Research limitations/implications

Based on this present research finding, the study is more productive for the portfolio manager and policymakers at the time of making an investment portfolio for the investors based on their behavioural biases. The study recommends that investors need training programmes, workshops and seminars that enhance financial literacy and financial knowledge of investors which helps them to overcome the behavioural biases while making an investment decision.

Originality/value

The current study aims to explore whether several behavioural biases can affect investment decisions amongst gender. Moreover, the authors would like to examine whether these associations are moderated by financial literacy. In this sense, financial literacy might also show a substantial part in the prediction of investments. The current study might be of the first study that examines the moderation effect financial literacy amongst male and female investors.

Details

Asian Journal of Accounting Research, vol. ahead-of-print no. ahead-of-print
Type: Research Article
ISSN: 2443-4175

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Article
Publication date: 21 December 2020

Maqsood Ahmad and Syed Zulfiqar Ali Shah

This paper aims to show how overconfidence influences the decisions and performance of individual investors trading on the Pakistan Stock Exchange (PSX), with the…

Abstract

Purpose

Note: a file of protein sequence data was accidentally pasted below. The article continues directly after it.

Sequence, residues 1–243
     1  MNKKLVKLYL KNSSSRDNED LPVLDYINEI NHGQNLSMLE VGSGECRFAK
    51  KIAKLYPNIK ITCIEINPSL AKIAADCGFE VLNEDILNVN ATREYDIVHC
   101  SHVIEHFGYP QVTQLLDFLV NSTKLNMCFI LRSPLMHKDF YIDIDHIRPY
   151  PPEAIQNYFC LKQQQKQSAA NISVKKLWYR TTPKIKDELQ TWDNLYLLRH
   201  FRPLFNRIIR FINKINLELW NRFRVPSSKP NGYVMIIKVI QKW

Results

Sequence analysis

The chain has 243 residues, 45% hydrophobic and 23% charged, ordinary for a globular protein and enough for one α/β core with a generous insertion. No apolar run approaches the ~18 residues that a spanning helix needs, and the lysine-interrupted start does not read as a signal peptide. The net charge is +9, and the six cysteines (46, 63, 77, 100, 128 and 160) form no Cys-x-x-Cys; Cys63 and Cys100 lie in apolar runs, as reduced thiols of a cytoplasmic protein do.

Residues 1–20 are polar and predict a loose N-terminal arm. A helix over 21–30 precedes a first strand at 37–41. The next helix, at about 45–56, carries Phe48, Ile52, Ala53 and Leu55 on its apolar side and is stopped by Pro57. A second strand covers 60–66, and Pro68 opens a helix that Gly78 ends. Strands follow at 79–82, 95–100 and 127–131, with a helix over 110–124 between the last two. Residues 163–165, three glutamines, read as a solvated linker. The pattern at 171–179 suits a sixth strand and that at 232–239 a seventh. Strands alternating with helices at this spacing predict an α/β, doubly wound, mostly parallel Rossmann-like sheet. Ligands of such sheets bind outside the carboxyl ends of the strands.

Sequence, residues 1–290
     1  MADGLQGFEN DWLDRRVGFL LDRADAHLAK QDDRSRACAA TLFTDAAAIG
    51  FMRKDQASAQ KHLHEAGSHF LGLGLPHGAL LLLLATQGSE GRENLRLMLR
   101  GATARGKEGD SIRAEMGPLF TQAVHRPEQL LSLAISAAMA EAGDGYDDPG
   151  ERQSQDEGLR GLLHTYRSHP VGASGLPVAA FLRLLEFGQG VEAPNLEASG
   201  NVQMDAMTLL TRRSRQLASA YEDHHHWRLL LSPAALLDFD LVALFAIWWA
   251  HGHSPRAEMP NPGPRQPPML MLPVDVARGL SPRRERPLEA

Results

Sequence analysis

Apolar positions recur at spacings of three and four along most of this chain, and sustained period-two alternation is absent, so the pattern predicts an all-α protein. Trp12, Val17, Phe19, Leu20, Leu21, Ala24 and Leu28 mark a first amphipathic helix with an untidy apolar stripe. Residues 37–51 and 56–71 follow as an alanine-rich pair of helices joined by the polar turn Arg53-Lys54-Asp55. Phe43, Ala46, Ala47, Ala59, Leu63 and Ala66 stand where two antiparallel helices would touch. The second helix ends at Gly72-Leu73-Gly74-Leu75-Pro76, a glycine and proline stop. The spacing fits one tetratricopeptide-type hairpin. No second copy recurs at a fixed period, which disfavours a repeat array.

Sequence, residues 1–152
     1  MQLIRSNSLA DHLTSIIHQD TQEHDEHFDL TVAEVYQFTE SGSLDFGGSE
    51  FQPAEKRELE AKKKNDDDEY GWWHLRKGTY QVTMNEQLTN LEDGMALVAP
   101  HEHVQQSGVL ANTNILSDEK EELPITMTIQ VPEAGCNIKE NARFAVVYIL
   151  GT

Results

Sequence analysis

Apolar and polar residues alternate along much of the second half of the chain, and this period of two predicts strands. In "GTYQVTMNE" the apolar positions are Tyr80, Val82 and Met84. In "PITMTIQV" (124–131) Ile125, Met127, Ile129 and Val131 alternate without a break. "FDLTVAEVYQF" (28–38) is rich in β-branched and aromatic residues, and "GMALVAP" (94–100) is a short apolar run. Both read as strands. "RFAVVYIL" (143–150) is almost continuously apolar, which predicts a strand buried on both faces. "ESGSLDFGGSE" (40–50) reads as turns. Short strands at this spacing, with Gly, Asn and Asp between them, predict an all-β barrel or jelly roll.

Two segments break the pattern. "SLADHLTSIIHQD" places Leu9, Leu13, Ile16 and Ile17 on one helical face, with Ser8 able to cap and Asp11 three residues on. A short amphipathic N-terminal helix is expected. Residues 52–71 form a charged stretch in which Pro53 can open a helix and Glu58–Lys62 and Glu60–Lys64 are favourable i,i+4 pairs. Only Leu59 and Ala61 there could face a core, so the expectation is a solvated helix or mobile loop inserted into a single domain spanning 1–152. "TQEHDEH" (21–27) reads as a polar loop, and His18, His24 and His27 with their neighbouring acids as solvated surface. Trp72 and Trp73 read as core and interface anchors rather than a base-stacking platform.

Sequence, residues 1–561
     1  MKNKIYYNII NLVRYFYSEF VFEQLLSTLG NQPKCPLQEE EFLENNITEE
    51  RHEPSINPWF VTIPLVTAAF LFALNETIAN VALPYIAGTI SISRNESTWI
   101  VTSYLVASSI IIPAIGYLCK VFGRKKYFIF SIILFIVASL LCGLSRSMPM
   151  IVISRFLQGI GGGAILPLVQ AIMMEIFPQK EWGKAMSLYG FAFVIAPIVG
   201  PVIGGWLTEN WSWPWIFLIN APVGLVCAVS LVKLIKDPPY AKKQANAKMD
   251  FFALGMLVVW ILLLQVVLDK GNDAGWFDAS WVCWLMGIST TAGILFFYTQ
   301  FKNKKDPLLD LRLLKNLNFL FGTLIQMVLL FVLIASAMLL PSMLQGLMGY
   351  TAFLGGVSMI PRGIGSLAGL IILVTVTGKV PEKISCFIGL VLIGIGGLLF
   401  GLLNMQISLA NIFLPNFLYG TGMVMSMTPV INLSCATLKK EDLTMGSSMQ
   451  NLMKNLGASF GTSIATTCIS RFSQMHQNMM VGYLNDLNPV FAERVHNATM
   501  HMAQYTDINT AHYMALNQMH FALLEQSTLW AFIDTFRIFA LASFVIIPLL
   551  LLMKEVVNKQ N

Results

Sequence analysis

This paper aims to show how overconfidence influences the decisions and performance of individual investors trading on the Pakistan Stock Exchange (PSX), with the mediating role of risk perception and moderating role of financial literacy.

Design/methodology/approach

The deductive approach was used, as the research is based on the theoretical framework of behavioural finance. A questionnaire and cross-sectional design were employed for data collection from the sample of 183 individual investors trading on the PSX. Hypotheses were tested through correlation and regression analysis. The Baron and Kenny method was used to test the mediation effect of risk perception and the moderation effect of financial literacy. The results of mediation and moderation were also authenticated through the PROCESS and structural equation modelling (SEM) technique.

Findings

The results suggest that risk perception fully mediates the relationships between the overconfidence heuristic on the one hand, and investment decisions and performance on the other. At the same time, financial literacy appears to moderate these relationships. The results suggest that overconfidence can impair the quality of investment decisions and performance, while financial literacy and risk perception can improve their quality.

Practical implications

The paper encourages investors to base decisions on their financial capability and experience levels and to avoid relying on heuristics or their sentiments when making investments. It provides awareness and understanding of heuristic biases in investment management, which could be very useful for decision makers and professionals in financial institutions, such as portfolio managers and traders in commercial banks, investment banks and mutual funds. This paper helps investors to select better investment tools and avoid repeating the expensive errors that occur due to heuristic biases. They can improve their performance by recognizing their biases and errors of judgment, to which we are all prone, resulting in better investment decisions and a more efficient market. The paper also highlights the importance on relying on professional knowledge, giving it greater weight than feelings and biases.

Originality/value